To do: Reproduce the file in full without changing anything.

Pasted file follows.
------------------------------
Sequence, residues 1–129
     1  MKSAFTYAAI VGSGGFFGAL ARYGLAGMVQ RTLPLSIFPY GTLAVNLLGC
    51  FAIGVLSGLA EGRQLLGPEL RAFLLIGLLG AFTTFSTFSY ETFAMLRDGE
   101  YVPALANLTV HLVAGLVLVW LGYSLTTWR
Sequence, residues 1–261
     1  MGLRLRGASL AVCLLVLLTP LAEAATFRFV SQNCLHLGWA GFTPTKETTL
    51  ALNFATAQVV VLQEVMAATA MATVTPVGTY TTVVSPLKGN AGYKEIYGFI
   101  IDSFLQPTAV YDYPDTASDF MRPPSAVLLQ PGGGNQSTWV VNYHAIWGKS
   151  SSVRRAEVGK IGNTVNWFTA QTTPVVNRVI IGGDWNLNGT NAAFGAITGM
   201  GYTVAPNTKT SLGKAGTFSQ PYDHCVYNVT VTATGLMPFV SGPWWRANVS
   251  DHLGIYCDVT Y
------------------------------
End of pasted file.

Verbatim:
Sequence, residues 1–129
     1  MKSAFTYAAI VGSGGFFGAL ARYGLAGMVQ RTLPLSIFPY GTLAVNLLGC
    51  FAIGVLSGLA EGRQLLGPEL RAFLLIGLLG AFTTFSTFSY ETFAMLRDGE
   101  YVPALANLTV HLVAGLVLVW LGYSLTTWR
Sequence, residues 1–261
     1  MGLRLRGASL AVCLLVLLTP LAEAATFRFV SQNCLHLGWA GFTPTKETTL
    51  ALNFATAQVV VLQEVMAATA MATVTPVGTY TTVVSPLKGN AGYKEIYGFI
   101  IDSFLQPTAV YDYPDTASDF MRPPSAVLLQ PGGGNQSTWV VNYHAIWGKS
   151  SSVRRAEVGK IGNTVNWFTA QTTPVVNRVI IGGDWNLNGT NAAFGAITGM
   201  GYTVAPNTKT SLGKAGTFSQ PYDHCVYNVT VTATGLMPFV SGPWWRANVS
   251  DHLGIYCDVT Y